Acknowledge Your Fears And Move On
Solo hiking fears are at least partially rooted in the fear of being alone, which may cause female hikers to worry about not having someone else to:
- blame for the missing bug/bear/sunscreen spray,
- fill in missing navigational or camping skills,
- rely on in an emergency.
What can you do about those issues? Toss them out the proverbial window and put yourself in charge. You are a responsible person, you can solve every one of the problems on the list with just a little training and active preparedness.
Trust that you can handle whatever comes up. Knowing you can do whatever needs to be done is half of the battle, and once that’s won, you will find that you are your own best company.
Whenever I hike solo, I make sure to indulge a bit, congratulating myself for knowing I was prepared, trained, and ready to step out of my comfort zone. My solo trail time is for me and me alone; me time which is often lacking in this busy, busy world.
My indulgences? I pack a scrumptious lunch complete with rich, delectable high quality snacks. I choose a great hiking destination, somewhere that will amaze me with its beauty.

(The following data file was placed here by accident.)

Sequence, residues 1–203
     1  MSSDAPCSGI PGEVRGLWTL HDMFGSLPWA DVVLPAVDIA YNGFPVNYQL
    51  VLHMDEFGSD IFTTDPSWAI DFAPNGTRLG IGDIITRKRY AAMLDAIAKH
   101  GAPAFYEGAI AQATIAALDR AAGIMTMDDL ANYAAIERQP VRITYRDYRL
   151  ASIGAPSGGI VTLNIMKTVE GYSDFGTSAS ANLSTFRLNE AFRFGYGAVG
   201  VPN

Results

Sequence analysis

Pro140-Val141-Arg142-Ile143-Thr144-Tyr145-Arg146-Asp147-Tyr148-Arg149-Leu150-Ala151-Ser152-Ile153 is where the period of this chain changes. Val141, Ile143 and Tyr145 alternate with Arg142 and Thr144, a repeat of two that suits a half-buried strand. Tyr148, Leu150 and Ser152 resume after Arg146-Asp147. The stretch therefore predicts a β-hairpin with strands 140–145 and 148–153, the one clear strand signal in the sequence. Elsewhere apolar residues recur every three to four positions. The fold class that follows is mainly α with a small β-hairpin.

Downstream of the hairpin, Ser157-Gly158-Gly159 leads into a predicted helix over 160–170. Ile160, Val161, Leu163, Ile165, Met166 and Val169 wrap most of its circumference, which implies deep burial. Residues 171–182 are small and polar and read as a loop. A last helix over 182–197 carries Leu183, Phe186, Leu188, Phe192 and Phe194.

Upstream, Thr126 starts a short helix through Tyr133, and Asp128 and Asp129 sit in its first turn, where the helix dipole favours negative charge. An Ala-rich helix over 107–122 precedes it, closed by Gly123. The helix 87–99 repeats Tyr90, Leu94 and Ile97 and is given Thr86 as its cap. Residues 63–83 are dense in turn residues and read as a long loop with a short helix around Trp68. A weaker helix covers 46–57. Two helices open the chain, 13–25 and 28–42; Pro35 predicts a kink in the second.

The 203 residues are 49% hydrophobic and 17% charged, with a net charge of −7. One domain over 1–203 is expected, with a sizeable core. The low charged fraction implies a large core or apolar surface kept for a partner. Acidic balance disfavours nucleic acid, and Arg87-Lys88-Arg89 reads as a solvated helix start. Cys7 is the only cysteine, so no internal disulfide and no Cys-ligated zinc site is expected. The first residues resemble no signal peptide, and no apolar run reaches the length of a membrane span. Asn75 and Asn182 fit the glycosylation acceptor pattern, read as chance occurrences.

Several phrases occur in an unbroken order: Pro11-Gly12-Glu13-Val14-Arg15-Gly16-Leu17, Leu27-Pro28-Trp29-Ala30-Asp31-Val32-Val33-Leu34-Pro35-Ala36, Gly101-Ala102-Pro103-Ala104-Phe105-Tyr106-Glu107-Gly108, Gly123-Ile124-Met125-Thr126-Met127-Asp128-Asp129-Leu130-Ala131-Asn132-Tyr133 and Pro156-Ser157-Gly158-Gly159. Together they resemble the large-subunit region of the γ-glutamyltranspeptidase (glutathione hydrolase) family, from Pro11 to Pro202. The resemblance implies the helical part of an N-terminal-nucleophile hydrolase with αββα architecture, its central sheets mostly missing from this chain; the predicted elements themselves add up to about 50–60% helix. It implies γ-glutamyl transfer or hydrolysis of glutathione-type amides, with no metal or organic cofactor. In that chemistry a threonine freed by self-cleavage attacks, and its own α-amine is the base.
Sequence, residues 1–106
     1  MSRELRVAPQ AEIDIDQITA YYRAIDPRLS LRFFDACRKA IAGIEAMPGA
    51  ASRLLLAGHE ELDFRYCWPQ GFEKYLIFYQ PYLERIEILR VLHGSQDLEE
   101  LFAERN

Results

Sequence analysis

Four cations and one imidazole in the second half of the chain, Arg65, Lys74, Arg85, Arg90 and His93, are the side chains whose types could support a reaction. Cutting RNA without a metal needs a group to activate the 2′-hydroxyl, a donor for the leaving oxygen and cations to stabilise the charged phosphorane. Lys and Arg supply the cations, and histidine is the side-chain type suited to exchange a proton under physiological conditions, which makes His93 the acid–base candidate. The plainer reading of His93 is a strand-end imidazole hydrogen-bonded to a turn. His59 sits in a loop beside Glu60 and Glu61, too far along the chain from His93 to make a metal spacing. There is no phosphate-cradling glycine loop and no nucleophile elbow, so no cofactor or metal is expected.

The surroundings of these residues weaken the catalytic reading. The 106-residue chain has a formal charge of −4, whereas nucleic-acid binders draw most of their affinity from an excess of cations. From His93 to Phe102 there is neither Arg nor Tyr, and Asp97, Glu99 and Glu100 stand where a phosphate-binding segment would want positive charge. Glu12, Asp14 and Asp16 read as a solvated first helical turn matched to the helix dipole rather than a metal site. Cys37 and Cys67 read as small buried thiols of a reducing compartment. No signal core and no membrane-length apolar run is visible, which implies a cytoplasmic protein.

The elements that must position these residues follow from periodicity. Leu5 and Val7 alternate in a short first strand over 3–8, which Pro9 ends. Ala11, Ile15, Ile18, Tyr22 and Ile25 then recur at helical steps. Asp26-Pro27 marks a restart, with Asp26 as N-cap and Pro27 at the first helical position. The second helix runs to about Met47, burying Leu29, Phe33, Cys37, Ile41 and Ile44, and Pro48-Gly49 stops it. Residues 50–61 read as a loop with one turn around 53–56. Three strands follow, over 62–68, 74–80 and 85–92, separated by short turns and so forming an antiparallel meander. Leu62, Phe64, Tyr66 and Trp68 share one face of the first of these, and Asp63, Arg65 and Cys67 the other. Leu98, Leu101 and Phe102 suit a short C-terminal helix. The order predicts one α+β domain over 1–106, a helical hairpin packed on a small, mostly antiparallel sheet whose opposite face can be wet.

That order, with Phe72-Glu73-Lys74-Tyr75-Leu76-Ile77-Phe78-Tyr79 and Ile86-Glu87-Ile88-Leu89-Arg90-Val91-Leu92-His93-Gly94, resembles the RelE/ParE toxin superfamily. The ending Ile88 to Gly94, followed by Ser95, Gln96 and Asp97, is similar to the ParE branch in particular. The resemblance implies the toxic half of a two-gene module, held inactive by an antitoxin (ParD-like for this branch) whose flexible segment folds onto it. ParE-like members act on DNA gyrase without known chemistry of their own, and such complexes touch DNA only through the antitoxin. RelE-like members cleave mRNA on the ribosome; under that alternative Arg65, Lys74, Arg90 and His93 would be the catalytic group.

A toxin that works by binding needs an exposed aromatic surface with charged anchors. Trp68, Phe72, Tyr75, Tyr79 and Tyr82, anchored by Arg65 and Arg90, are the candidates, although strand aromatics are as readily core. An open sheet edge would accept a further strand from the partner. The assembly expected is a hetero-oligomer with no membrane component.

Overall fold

When To Go
Are you ready to plan your solo hike? For the perfect solo hiking day, bring a camera and journal and really enjoy being outside, alone, rejoicing in the trail and all it has to offer. Maybe pick up a plant or bird identification book and be sure it’s in your pack before you set out on your hike.
Embrace the Journey
If your regular hiking partners are anything like mine, they love to charge up the trail and ignore all of the beautiful sights and sounds around them. Today is your chance to stop and admire every single one of those sights and sounds with no guilt or time pressure. Relish the solitude and the ability to just be.